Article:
Adrian Dix ramps up pipeline battle
By Peter O'Neil, Vancouver Sun, May 12, 2012
B.C. NDP leader Adrian Dix is predicting a "businesslike" relationship with Prime Minister Stephen Harper if the NDP wins next spring's provincial election, even though he's investigating ways to challenge a critical component of Harper's economic plan: Enbridge Inc.'s Northern Gateway pipeline megaproject.
Dix said Friday he's assembling a legal team headed by Vancouver lawyer Murray Rankin, a specialist in aboriginal, natural resource and environment law, to consider his legal options to oppose the controversial $5.5-billion pipeline proposal now before a federal review panel.
Dix said the legal team is looking at various legalities surrounding the issue, including the federal legislation and the Harper government's approach to the joint review of the Enbridge proposal by a panel drawn from the National Energy Board and the Canadian Environmental Assessment Agency.
One matter they're looking at is a 2010 deal in which the B.C. government said it accepted that a federal environmental review would be equivalent to a B.C. process.
The agreement notes that the federal review will "take into account" the views of the public and first nations. Dix said there may be questions about whether Ottawa has fulfilled that commitment.
The NDP leader had tough words for Ottawa's handling of environmental reviews of two controversial natural resource projects: Calgary-based Enbridge's Northern Gateway pipeline and Vancouver-based Taseko's New Prosperity gold-copper mine.
The Harper government is aggressively championing the pipeline, tabling legislation certain to ease the project through the regulatory review process despite aggressive opposition from many B.C. first nations.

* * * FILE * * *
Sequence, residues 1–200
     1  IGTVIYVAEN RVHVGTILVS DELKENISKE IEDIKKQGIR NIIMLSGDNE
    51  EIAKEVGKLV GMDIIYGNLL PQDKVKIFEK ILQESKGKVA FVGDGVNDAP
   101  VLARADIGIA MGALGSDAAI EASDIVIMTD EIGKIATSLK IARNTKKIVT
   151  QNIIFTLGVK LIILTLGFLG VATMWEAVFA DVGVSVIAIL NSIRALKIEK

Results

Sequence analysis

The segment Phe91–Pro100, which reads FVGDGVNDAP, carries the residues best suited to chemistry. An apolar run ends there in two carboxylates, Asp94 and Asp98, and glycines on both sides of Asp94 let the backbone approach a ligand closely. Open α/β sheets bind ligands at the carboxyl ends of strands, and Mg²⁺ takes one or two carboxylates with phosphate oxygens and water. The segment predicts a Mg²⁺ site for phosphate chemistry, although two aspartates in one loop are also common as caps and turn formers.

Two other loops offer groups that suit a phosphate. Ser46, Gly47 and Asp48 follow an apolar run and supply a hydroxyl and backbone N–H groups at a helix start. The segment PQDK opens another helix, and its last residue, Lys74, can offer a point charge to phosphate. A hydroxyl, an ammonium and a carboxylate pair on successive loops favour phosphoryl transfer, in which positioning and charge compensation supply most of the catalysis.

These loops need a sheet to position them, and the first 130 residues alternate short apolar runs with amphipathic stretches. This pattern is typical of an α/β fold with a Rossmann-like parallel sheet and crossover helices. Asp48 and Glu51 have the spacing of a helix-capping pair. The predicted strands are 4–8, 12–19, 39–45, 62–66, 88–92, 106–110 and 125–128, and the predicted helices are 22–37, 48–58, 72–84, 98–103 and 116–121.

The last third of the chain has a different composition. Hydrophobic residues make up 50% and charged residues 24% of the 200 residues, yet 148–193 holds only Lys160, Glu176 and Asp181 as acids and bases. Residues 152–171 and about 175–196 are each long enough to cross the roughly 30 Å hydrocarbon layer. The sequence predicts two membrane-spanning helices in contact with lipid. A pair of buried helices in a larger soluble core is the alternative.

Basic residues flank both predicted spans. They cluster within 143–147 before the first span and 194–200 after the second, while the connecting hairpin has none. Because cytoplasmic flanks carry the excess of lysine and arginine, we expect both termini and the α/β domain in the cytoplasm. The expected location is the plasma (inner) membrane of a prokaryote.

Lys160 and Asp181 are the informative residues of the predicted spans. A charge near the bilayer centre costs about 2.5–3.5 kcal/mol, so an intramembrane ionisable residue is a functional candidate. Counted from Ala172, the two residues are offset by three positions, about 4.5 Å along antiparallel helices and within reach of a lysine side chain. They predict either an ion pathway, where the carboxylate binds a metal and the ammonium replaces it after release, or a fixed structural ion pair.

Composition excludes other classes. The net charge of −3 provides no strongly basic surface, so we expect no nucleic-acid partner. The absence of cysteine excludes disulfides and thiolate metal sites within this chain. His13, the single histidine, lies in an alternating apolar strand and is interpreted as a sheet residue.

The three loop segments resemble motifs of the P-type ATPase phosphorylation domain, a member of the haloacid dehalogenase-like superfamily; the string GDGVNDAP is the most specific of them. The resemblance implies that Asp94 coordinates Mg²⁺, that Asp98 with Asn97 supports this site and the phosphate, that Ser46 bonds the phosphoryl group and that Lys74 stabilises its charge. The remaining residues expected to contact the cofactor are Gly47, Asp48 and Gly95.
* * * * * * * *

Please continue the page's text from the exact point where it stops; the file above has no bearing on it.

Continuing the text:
The project is also the centre-piece of Alberta Premier Alison Redford's so-called national energy strategy, which is seeking cross-Canada approval for infrastructure to get natural resources - especially oilsands crude - to key markets like China.
The federal government also announced this week the establishment of a review panel for the Taseko project near Williams Lake, which is bitterly opposed by first nations. The mine proposal was rejected by the federal government after a previous negative panel assessment in 2010, after a B.C. government review panel gave it a green light.
The environmental group Sierra Club B.C. has argued that the terms of reference for the new panel effectively "neuter" its ability to rule independently.
Dix said the Harper government is making a major mistake if it thinks it can interfere with the environmental review process for the two projects.
"It may seem like a good idea to not engage fairly in processes, but in fact, it's not. It's not in the interests of either the environment or economic development or first nations issues to do that, and that's where current federal and B.C. governments have it wrong," Dix said. "We need to have good processes that have credibility."
He said there's tremendous first nations solidarity behind those opposed to the two projects, so the perception that aboriginal views are being ignored could cause an angry reaction, court cases and deep uncertainty for all businesses trying to launch projects in a province with a backlog of land claims.
"This has real consequences for B.C.'s reputation," he said. "I'd prefer resolving these situations in a way that is respectful of first nations."
Dix is an outspoken critic of federal policy on criminal justice, Canadian-European free trade talks, and health care transfers.
He said the world of federal-provincial relations has changed due to Harper's refusal to hold first ministers' meetings, the federal government's view that Ottawa shouldn't meddle in areas of provincial jurisdiction, and Ottawa's hands-off approach to provincial health care systems.
Dix said he could be an asset to Harper on two key issues - resolution of long-standing aboriginal issues such as the B.C. land claims file, and the championing of national unity if the Parti Québécois replaces the Liberals in the next Quebec election.
Dix, who speaks fluent French, even mused about the possibility that three western premiers - Alberta's Redford and Manitoba's Greg Selinger also speak French - could go to Quebec and help battle to keep Canada together.
"As someone who thinks it's crucial the country stay united and remain an example to the world, I think having western premiers who can speak to that would be helpful."